Sterols are fat molecules in the cell membranes of animals and plants with several functions, including a role in making hormones. Cholesterol is the major sterol in humans. We consume it in our diets and our bodies make it as well. Phytosterols come from plants and we can only get them from our diet, as our bodies don’t make them. Both kinds of sterols circulate in our blood and tissues although we have 100’s of times more cholesterol than phytosterols in circulation.
People who consume foods rich in phytosterols (also called plant sterols) tend to have lower LDL levels but to get measurable reductions in LDL we need to consume at least 800 mg and up to 2,000 mg a day. Most of us consume only 150-400 mg daily. Beta-sitosterol is the most common plant sterol and it’s important to read the label to know what you are getting.
Plant sterols reduce cholesterol by replacing cholesterol in the intestines and blocking absorption, and there seems to be an additive effect when phytosterols are consumed in conjunction with cholesterol-lowering medications.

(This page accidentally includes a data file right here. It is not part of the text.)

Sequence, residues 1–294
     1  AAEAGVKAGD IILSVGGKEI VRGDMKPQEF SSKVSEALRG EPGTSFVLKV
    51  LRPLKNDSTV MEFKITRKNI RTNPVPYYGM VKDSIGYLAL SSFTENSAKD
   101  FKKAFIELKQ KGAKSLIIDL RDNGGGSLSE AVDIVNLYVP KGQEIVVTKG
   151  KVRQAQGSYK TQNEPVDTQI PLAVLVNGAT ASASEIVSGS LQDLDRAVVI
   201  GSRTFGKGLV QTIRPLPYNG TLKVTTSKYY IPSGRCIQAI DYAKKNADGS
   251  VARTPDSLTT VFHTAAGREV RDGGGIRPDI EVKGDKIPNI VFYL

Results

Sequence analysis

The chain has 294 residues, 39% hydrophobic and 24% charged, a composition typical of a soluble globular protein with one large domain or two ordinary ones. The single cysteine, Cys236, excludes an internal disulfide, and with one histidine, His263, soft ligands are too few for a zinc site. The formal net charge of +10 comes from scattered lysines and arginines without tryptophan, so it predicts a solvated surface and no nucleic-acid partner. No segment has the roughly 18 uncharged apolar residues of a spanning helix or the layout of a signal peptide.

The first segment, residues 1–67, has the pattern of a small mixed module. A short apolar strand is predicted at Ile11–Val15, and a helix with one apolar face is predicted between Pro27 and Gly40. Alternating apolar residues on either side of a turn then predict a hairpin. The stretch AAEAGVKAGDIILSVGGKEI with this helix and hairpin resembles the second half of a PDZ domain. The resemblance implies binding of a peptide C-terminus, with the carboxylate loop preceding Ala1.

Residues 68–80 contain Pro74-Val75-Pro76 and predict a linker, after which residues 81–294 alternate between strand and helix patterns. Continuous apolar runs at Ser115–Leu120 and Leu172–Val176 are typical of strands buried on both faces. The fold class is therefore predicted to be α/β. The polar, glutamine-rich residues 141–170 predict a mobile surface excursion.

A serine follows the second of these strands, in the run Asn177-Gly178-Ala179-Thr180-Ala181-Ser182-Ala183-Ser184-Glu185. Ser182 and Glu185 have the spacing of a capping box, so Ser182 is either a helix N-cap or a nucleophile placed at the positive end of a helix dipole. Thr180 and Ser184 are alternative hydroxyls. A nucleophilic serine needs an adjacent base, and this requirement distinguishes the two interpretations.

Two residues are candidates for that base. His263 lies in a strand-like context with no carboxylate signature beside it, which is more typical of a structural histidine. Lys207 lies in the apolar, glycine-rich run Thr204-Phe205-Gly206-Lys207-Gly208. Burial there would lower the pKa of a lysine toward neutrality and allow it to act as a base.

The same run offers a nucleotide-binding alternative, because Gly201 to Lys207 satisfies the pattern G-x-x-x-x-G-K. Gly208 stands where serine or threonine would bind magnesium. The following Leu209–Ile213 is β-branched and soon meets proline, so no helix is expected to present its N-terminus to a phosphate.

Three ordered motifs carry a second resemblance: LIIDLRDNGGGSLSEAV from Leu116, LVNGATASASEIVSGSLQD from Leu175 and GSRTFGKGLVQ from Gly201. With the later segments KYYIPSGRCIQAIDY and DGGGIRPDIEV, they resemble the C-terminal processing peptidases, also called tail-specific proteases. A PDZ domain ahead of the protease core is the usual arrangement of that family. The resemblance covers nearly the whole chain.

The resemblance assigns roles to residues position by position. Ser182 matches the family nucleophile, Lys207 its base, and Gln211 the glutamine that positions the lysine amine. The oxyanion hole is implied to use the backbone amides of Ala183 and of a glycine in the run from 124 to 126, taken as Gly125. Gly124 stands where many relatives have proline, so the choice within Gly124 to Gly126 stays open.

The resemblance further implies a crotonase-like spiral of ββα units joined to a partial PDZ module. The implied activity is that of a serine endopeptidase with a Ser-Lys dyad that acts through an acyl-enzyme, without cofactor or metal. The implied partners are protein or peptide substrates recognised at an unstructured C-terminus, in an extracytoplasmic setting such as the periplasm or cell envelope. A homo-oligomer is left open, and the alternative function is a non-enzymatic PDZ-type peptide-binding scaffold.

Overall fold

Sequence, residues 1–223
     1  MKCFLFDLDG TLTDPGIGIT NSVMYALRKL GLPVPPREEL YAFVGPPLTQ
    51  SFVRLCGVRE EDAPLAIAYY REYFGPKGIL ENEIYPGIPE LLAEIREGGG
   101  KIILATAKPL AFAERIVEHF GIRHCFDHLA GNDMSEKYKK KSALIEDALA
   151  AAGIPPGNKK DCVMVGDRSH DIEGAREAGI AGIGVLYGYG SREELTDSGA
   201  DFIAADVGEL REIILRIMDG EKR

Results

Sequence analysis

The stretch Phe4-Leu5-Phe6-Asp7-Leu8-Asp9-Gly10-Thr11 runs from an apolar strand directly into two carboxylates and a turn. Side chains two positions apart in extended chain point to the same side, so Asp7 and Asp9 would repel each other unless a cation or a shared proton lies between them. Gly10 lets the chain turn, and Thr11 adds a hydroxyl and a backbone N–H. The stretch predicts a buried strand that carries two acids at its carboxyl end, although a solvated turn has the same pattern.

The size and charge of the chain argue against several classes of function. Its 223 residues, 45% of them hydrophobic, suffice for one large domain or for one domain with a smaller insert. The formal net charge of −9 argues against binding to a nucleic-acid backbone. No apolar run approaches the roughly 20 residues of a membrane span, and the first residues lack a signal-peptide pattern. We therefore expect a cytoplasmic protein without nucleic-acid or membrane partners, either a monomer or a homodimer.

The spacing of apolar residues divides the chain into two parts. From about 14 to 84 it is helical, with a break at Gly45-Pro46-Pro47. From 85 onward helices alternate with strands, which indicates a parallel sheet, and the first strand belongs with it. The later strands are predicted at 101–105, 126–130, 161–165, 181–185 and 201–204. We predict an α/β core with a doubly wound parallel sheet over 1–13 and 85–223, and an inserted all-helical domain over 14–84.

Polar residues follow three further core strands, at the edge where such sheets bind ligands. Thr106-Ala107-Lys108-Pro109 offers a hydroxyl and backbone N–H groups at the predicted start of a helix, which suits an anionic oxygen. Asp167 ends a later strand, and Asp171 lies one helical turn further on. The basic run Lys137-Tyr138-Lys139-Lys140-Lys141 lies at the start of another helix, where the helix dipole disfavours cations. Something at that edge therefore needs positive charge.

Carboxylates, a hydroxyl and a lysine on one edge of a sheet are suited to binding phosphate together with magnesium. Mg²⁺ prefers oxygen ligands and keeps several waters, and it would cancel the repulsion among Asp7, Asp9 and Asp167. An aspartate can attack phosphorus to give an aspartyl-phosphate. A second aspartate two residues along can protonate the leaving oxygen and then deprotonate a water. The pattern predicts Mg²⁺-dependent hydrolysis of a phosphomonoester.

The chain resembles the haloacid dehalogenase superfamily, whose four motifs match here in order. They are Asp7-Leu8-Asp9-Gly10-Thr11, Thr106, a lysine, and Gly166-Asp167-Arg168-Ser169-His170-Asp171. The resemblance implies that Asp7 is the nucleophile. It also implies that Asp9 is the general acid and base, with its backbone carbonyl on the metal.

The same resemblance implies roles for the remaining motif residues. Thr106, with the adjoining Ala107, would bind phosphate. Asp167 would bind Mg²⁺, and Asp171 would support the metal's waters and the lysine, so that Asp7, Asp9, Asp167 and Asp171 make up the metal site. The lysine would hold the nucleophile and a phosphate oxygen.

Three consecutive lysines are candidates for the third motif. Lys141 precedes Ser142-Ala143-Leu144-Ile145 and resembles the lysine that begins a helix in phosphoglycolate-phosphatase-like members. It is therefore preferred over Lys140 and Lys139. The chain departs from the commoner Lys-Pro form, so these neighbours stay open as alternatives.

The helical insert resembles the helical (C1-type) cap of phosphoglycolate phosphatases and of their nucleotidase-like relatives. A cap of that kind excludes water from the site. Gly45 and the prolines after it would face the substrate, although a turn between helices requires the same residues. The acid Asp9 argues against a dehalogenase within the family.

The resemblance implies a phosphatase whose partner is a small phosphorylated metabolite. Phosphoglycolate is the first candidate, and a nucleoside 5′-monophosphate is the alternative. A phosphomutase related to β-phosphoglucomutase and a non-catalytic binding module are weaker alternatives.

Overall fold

Foods rich in plant sterols include avocados, nuts (pistachios, pecans, almonds, cashews), sesame seeds, and dark chocolate. Unrefined corn and vegetable oils also contain plant sterols along with omega-6 fats. Beta-sitosterol is absorbed best when consumed with fat (taking it with fish oil is a good idea). Plant sterols are effective when consumed once a day or over the course of the day.
In addition to supporting healthy cholesterol levels, beta-sitosterol has been shown to help men who have enlarged prostate, also known as BPH, by improving urinary flow and emptying of the bladder. Beta-sitosterol also supports breast, lung, stomach, and colon health.
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